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25 OCTOBER 2014

 

George Foreman On Character


By Thomas Hauser
The tradition continues. Each holiday season for the past few years, this column has been devoted to some thoughts from George Foreman. Earlier this year, I talked with George about the issue of character and self-respect. His words, recorded below, make a pretty good holiday message for the coming year.

Character doesn't just evolve on its own. It has to be acted upon every day of our lives. But now, we've got a whole generation of young people, and another generation that's not so young anymore, who haven't found anything in their lives to promote character. And that's sad. Life is so brief. You have to do more than just try to have a good time. You have to ask yourself, "What am I giving to other people? What will I leave behind?" It's like a baton that we're all passing on to future generations.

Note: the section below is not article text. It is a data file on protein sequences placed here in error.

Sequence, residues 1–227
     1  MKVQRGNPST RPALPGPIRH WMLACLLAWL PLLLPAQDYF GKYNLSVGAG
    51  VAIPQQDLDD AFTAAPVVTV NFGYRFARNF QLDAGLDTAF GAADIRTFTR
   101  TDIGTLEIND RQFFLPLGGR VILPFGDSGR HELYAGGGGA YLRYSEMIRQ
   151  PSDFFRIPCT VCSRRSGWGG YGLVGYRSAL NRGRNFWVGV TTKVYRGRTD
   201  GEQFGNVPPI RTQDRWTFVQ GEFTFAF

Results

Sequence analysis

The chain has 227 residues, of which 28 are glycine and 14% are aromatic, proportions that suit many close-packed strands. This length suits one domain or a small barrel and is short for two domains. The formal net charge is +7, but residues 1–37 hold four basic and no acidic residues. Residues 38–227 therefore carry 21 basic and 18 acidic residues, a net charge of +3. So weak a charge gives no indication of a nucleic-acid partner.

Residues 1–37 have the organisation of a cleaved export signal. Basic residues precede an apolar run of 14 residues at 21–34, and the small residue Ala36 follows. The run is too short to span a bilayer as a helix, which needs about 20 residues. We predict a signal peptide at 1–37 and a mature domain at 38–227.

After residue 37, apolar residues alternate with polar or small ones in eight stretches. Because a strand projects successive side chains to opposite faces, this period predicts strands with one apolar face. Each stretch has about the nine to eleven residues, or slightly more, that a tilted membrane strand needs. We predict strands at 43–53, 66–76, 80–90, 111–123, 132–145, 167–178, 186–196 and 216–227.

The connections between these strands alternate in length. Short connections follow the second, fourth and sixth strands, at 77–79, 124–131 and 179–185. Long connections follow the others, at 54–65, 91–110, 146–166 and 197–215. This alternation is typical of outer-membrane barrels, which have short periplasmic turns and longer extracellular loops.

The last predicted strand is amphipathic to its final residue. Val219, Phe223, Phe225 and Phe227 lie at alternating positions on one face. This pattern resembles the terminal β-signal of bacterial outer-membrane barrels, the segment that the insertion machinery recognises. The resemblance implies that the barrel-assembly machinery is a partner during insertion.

Part of the problem is that writers today don't hold people to the same standards they used to. The written word is very powerful. You can go back and look at ancient civilizations. Their cities are gone; their palaces have been destroyed. But some of the things that were written back then have been preserved to this day. So many people, especially young people, think that everything now is about digital and television, but nothing will ever surpass the written word. Character has to be written about. Writers used to give us character. Even cartoons like Mighty Mouse were written to emphasize character. But now, too many writers have abandoned character. Almost anything is acceptable as long as it makes a good story.

But you don't just teach character through words. You teach it by example. For a lot of young people, character comes from who they imitate. I don't like the phrase "role model." It sounds too commercial to me. I'd rather talk about being an example.